Victorian poets often find themselves bidding adieu. "For my part," says Thomas Hardy, "if there is any way of getting a melancholy satisfaction out of life it lies in dying, so to speak, before one is out of the flesh; by which I mean putting on the manners of ghosts [...] To think of life as passing away is a sadness; to think of it as past is at least tolerable" (The Early Life of Thomas Hardy [Macmillan 1928] 275). Such rehearsals of specterhood came to my mind frequently as I read Justin Sider's elegant and thought-provoking study. Sider focuses on what he calls the valedictory--which is, among other things, the way in which poetic speakers take their leave (as of an interlocutor, an audience, or the world). While the thought of withdrawal and pastness generates "melancholy satisfaction" for Hardy, Sider finds that it creates opportunities both to re-define oneself and to set the terms of one's reception. Those who say farewell become transmissible entities, circulating in "print or posterity" (2) and thus simultaneously navigating and shaping a reading public that became ever larger and more diverse in the nineteenth century. According to Sider, interpreting parting words as public address is crucial to understanding the poetics of this era, in which writers must "imagine forms of intimacy across the distances of Victorian mass culture" (1). As the departed or departing poetic speaker addresses her auditors, so the finished poem and its author address a community of readers. Newly mediated, newly consumable, both speaker and poem use the valedictory to orient themselves toward a future of transformed persistence. Sider argues persuasively that a rich variety of Victorian texts, from heroic epistles to deathbed scenes, love poems, and elegies, aspire both to thematize and to "reconfigure the terms under which poetry can be public" (26).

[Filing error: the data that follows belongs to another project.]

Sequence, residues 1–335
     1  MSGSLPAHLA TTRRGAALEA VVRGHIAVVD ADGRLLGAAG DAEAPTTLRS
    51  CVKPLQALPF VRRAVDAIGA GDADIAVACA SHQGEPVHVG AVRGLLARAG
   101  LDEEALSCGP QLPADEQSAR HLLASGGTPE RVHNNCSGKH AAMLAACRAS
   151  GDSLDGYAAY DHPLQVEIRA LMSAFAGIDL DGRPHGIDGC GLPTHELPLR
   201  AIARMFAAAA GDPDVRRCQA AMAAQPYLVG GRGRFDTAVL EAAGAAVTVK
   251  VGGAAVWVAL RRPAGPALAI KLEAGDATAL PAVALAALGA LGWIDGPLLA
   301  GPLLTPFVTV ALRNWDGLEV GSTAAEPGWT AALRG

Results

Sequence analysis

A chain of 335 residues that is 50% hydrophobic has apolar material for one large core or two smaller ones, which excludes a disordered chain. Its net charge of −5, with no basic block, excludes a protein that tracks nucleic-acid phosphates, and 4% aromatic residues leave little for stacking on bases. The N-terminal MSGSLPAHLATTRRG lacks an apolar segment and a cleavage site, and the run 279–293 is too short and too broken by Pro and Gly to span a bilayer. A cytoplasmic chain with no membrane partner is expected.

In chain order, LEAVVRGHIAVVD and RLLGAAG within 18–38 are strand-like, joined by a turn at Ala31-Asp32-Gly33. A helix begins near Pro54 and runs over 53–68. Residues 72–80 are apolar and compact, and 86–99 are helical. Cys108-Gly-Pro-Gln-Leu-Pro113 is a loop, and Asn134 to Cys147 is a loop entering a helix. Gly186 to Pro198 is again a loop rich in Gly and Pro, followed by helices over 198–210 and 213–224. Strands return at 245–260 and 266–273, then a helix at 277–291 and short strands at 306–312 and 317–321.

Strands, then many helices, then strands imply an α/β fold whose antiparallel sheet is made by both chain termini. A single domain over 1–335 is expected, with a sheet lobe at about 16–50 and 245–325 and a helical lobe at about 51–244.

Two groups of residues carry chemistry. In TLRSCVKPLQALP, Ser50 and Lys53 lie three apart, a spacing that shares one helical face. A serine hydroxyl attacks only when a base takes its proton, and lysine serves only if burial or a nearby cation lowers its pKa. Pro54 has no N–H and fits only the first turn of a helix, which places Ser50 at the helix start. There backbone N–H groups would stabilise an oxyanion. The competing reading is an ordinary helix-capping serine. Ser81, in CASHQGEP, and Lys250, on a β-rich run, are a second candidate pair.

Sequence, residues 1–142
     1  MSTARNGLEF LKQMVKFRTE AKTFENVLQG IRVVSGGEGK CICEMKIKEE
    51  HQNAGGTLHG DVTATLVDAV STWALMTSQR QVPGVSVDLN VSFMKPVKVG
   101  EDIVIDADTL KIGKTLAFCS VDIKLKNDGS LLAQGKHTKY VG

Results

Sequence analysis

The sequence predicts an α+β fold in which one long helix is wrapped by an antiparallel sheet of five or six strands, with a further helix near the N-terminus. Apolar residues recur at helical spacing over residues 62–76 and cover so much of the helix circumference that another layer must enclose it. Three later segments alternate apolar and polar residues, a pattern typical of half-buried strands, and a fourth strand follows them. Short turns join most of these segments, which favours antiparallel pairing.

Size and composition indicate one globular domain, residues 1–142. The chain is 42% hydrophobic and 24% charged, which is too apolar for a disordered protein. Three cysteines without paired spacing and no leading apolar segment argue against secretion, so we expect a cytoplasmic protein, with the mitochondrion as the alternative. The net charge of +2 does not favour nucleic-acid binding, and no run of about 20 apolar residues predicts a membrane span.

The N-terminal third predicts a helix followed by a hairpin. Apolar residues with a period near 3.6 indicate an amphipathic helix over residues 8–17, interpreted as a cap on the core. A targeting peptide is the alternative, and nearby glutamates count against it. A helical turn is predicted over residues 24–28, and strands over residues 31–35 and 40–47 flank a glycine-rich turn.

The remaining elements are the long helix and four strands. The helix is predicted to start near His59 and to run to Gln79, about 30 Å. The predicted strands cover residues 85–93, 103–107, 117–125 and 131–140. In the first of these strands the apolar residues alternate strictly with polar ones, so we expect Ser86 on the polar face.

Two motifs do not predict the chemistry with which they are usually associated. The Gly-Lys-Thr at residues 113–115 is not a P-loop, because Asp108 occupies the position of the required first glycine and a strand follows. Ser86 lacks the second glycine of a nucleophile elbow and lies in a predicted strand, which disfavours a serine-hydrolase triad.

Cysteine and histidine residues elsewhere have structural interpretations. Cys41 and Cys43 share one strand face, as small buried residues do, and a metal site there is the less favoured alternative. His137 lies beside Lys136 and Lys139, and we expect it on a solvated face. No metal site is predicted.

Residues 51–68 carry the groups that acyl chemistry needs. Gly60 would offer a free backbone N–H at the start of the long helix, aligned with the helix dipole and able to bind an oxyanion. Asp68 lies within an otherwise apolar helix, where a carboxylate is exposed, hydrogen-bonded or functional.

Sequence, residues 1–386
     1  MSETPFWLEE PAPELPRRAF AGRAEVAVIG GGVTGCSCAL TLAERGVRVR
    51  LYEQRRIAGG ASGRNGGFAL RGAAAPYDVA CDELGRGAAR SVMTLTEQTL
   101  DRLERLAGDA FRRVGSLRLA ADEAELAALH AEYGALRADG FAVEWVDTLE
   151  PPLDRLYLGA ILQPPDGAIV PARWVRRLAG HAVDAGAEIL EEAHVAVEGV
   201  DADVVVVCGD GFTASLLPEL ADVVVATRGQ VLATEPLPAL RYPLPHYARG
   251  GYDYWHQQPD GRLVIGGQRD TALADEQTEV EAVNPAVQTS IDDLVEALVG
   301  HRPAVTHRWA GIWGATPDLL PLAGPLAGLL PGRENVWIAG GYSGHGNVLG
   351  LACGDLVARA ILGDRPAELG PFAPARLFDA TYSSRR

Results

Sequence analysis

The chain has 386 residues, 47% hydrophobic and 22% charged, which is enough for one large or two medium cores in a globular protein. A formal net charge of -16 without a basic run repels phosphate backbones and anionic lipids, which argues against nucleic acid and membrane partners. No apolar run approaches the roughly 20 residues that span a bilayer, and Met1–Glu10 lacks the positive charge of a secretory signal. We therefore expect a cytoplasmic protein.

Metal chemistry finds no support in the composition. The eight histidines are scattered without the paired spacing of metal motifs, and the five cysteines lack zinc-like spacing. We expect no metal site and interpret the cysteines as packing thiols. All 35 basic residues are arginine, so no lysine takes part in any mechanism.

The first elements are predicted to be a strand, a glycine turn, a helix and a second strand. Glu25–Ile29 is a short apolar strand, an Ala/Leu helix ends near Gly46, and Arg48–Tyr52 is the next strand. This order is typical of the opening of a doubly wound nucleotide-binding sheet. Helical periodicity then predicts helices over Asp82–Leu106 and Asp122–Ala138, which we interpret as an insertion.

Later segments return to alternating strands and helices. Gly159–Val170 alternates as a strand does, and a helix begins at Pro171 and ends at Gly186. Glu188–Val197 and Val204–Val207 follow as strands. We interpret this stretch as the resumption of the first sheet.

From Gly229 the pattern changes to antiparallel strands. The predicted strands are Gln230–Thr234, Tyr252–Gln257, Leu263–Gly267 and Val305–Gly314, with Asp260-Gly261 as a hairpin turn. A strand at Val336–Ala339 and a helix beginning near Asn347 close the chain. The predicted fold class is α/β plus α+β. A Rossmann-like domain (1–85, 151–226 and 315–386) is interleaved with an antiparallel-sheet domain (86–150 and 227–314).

Refreshingly, Sider's discussion of the valedictory affords him a useful new perspective on the much-debated question of Victorian poetry's engagement (or lack thereof) with Victorian culture. By approaching this issue via the rhetorical strategies rather than the topical content of the poems at hand, he productively blurs the lines between public and private address. Moreover, by foregrounding less the actual readership of printed verse than "the public as a conceptual category for Victorian poets" (30), he cannily complicates the notion that poetry was marginalized by the novels of the age. Poets, he explains, were expected to address or represent their culture even as they felt their influence waning and even as that culture became impossibly variegated. The valedictory is uniquely positioned to illuminate this dilemma because it produces an "evacuated space of departure" (34) in which poet and public can negotiate the terms of their relationship.